John Brannan/Bernard Murphy

Bernard Murphy celebrates outside the High Court
Bernard Murphy celebrates
his release after a decade in prison
Ten years

BBC News
25 January 2002
Murder convictions
overturned

Two men sentenced for life 10 years ago for murdering a man in a Manchester nightclub have had their convictions quashed. Three Court of Appeal judges overturned the convictions of John Brannan and Bernard Murphy on Friday.

Mr Brannan committed suicide at Blundeston prison, Suffolk, in 1998, while serving his sentence. Mr Murphy was freed after it was ruled the conviction for killing Michael Pollitt was unsafe.

Mr Pollitt died from a single knife thrust to the stomach at the Express nightclub in Manchester on 24 June 1991. Their cases were referred back to the Court of Appeal by the Criminal Cases Review Commission as a possible miscarriage of justice.

Lord Justice Keene, Mr Justice Forbes and Mr Justice Gross, overturned the convictions in London on Friday. The appeal on behalf of Mr Brannan was continued after his death through his brother Lee. The two men had previously challenged their convictions in 1993, but their appeals were dismissed.

At their trial the Crown's case was that Mr Brannan struck the fatal blow and that he was acting jointly with Mr Murphy, who was armed with an axe and uttering threats against Mr Pollitt's life.

Document disclosure

But during the appeal, lawyers for Mr Brannan and Mr Murphy said fresh evidence showed Mr Pollitt had a gun or might well have had a gun with him at the time of his death, giving rise to a defence of self-defence.

At the orginal trial the Crown failed to disclose four police documents recording information received that Mr Pollitt had had a gun. Even under the disclosure rules at that time, the defence should have been told about these matters.

Lord Justice Keene said if the jury had known about a possible gun they might not have convicted the two men. He said: "In those circumstances these convictions must be regarded as unsafe and therefore both appeals are allowed."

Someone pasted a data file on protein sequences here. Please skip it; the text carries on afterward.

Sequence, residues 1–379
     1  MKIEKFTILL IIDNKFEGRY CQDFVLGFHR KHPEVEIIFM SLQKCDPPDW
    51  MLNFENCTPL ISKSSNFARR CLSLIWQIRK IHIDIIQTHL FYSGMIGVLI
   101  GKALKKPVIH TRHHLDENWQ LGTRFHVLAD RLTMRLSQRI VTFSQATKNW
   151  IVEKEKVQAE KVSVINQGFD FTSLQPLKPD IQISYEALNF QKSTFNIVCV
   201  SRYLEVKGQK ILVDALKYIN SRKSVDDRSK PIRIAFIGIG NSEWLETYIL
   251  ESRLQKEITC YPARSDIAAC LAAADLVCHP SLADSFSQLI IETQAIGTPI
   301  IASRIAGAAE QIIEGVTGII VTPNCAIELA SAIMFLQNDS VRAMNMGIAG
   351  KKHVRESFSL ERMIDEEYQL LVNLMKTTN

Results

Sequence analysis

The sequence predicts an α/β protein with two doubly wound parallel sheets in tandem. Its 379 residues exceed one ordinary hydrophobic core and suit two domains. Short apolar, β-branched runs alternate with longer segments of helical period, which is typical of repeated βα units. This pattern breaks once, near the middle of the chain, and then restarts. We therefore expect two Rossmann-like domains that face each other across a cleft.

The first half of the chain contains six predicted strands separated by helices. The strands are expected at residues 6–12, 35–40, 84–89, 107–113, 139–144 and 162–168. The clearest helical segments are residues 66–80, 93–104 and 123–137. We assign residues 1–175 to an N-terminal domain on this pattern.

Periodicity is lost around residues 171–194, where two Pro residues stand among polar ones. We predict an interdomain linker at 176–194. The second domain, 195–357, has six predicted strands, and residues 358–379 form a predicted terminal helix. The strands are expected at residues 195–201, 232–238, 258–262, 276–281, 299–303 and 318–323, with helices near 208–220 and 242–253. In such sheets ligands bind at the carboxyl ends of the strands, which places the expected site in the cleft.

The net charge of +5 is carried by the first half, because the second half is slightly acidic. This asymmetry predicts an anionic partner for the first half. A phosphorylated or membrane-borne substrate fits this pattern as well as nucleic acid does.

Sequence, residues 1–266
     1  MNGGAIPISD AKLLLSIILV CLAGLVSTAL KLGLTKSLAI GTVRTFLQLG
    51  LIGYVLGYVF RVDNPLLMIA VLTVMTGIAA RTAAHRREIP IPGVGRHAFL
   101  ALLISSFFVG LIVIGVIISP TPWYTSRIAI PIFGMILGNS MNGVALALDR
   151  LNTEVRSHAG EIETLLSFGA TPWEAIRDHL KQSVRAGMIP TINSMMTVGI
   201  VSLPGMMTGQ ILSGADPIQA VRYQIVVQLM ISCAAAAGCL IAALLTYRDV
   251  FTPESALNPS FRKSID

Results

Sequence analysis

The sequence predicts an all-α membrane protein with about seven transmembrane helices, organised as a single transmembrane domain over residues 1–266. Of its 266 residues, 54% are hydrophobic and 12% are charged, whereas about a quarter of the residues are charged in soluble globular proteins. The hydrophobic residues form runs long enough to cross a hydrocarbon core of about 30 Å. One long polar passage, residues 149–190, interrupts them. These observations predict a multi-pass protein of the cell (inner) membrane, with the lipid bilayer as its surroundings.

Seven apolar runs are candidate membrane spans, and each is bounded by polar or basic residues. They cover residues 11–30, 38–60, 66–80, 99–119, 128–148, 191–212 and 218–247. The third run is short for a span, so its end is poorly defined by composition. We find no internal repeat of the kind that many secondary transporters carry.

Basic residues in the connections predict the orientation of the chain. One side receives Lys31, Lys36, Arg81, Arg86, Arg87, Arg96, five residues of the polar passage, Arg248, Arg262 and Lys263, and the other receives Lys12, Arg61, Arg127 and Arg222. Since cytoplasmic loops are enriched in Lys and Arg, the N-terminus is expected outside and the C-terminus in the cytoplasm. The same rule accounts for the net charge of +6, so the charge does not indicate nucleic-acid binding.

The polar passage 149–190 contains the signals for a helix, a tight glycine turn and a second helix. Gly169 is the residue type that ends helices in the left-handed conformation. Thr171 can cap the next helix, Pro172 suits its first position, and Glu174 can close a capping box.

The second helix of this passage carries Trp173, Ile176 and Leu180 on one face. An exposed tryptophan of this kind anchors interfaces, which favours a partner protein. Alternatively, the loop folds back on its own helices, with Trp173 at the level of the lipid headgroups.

Campbell Malone, of Stephensons solicitors in Bolton, said after the ruling: "On behalf of the family of John Brannan I obviously welcome the decision of the Court of Appeal.

"Clearly as John committed suicide in prison in December 1998 it cannot be a totally joyous occasion particularly when the truth about what happened could have been told earlier. His family have been glad to be able to fight on to clear his name for the sake of his memory and for his two children.

"After every miscarriage of justice it is said that such miscarriages could not occur nowadays because of the safeguards said to be in place. In fact the rules regarding disclosure are now more favourable to the Crown than those in force at the time of this trial in 1992. The prospect is for more wrongfully convicted prisoners, not less."


Guardian Unlimited
26 January 2002
Murder verdict on jail
suicide man overturned

By Jeevan Vasagar

A man who stabbed a childhood friend in a nightclub brawl 11 years ago and took his own life at Blundeston prison, Suffolk, in December 1998 was yesterday cleared of murder by the appeal court.